O’CONNELL: Any writer who puts themselves on the page makes themselves extremely vulnerable. And at the end of day Nico was still working with ink and a blank page, so I’d say the challenges are the same: create the best story.
ROBLEDO: Tells us about the commercial challenges and how you were able to surpass some of them.
O’CONNELL: Certainly there would be no book tour, and we did have a couple magazines and a television program who were denied access to the prison, but Nico actually did a number of interviews with prominent places. Quil Lawrence’s on NPR being one of my favorites because he managed to get Nico reading on tape and broadcast that. Literally getting Nico’s voice into the world. The sound quality wasn’t great, but he did it. Overall it was rather amazing to see the kind of care and interest people took in Nico and the grace with which Nico handled it. I can’t even imagine that pressure and the mental will power it takes to do an interview and then sit in a cell thinking about it. I’m typing this on my phone and am nervous about it.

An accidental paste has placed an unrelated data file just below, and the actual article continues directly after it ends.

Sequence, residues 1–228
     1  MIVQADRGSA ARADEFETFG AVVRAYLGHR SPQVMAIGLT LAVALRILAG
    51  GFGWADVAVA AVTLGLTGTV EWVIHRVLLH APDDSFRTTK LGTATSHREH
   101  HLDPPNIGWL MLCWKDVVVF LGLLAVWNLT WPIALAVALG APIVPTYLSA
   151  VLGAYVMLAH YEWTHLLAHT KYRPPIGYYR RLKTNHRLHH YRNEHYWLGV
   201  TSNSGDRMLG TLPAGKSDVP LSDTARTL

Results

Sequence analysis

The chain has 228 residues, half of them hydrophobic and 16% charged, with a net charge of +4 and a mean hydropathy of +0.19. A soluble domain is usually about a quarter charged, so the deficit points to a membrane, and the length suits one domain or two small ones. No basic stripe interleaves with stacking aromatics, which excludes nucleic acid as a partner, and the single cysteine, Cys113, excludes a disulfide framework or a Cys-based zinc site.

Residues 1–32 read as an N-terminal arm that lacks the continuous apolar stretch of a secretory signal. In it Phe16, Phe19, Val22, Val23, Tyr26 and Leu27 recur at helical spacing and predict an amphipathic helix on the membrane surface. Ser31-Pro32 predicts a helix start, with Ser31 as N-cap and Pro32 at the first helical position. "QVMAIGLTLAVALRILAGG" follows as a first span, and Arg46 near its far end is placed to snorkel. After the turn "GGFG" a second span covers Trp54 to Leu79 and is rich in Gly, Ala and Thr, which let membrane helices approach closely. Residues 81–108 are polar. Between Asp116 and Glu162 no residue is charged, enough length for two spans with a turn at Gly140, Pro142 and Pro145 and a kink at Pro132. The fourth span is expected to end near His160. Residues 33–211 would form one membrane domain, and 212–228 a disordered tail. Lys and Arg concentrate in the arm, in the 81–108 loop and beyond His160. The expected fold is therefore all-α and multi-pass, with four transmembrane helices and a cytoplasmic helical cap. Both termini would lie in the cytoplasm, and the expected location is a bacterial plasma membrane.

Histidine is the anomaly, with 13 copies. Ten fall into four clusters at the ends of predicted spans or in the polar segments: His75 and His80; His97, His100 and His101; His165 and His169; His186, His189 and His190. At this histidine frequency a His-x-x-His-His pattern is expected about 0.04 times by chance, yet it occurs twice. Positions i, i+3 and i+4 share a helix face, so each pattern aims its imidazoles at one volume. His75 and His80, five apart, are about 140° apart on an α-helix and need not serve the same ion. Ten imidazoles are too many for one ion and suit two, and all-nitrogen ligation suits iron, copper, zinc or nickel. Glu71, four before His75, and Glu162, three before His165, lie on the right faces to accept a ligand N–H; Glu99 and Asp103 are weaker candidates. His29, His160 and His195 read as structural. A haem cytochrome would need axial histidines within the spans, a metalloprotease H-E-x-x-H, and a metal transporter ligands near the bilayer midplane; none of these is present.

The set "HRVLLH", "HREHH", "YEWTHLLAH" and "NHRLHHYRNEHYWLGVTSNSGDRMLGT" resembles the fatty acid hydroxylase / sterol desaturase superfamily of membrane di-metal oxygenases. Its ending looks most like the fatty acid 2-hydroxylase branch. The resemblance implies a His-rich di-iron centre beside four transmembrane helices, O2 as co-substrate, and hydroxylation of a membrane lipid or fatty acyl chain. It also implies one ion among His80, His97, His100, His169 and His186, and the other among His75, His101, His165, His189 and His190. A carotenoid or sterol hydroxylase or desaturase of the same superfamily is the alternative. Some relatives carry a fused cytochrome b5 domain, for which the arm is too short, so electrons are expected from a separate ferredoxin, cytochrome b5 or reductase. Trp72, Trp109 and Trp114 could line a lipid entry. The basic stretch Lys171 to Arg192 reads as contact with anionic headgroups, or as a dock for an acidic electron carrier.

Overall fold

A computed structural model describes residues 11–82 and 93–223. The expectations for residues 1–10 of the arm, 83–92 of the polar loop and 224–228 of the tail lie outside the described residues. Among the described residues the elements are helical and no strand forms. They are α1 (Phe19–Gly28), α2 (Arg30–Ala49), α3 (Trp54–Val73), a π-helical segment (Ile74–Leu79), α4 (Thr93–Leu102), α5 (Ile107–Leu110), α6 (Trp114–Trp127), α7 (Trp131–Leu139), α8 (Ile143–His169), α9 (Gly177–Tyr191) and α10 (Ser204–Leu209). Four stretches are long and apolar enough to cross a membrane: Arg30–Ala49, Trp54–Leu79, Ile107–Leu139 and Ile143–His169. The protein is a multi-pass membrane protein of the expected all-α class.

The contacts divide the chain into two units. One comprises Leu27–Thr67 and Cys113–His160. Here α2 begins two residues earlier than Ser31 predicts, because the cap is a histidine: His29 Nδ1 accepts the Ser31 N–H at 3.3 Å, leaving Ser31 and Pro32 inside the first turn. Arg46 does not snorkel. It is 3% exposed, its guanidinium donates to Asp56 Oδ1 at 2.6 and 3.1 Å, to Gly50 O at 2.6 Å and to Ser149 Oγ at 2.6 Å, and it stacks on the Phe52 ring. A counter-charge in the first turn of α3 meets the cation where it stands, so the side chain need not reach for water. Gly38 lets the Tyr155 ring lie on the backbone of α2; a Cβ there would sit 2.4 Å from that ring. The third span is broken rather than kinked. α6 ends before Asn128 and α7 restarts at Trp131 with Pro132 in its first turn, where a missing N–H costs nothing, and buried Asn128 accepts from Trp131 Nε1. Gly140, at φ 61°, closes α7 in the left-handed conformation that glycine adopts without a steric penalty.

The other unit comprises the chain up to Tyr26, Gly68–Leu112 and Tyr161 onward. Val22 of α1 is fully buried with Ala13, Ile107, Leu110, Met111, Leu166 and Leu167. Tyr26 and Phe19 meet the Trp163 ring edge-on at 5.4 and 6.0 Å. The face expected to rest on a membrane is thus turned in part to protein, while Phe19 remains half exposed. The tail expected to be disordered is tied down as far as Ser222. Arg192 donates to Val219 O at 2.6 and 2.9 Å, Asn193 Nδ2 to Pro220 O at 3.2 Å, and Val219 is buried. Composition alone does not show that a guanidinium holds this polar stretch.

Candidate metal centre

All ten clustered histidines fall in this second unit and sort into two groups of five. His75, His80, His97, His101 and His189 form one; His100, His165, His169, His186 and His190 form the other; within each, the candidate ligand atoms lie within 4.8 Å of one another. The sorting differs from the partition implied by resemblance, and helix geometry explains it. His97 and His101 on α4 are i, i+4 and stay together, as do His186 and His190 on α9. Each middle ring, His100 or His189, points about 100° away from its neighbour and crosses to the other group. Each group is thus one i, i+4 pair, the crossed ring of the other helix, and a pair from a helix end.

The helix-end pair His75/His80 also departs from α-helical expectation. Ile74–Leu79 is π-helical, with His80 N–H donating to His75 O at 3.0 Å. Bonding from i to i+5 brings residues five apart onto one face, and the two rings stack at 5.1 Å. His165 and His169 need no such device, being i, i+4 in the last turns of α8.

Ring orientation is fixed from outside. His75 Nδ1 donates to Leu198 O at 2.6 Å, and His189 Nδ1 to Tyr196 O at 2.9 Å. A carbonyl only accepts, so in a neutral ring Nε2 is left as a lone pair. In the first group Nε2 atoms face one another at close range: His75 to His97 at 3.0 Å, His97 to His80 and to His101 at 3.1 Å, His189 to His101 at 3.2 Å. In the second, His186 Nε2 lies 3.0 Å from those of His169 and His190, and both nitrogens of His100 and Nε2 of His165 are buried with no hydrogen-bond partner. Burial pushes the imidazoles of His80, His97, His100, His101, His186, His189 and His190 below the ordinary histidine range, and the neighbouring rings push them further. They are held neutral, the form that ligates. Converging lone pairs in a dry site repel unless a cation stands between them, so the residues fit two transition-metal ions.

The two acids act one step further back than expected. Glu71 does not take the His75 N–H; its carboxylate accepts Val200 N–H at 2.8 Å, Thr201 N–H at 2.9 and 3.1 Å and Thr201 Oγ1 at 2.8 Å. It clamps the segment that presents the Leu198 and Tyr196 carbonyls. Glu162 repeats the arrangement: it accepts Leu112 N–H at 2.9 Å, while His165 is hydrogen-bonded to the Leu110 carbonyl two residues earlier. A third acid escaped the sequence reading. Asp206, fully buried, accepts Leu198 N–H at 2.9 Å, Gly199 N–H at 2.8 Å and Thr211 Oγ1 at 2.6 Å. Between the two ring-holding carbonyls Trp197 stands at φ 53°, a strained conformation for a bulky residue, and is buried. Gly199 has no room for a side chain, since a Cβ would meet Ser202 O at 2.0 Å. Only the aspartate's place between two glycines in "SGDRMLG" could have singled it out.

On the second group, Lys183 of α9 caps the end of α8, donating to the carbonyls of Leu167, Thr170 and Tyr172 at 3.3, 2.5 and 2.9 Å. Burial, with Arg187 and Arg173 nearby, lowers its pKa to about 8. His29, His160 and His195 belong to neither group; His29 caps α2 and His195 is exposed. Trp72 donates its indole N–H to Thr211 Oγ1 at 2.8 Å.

ROBLEDO: In what way has working with an incarcerated person helped you understand more about the system? Has your perspective changed?
O’CONNELL: Nico worked hard to take advantage of whatever resources he could and clearly that paid off. But if anything it only showed me there should be more. More access to books. More access to other means of self-expression. More access to visitors and other people. More access to phone calls. More ways to feel human.
ROBLEDO: Would you publish an incarcerated writer again? If so, what would you think about differently the second time around? What can others learn from your process?
O’CONNELL: Yes. Without a doubt. There’s not too much I would do different. I think the one thing that people don’t expect is the time it takes to pass information back and forth. You can’t email attachments, so you need to budget in time to send things like covers via regular mail and time for the prison to review and then pass them on to the author, and for the author to review them. We did ok with this, but it never hurts to plan ahead for that back and forth.
Like any other creative person they’ve entrusted you with their story and their work, and as an editor you have to be there for them. They’re writers, not prisoners.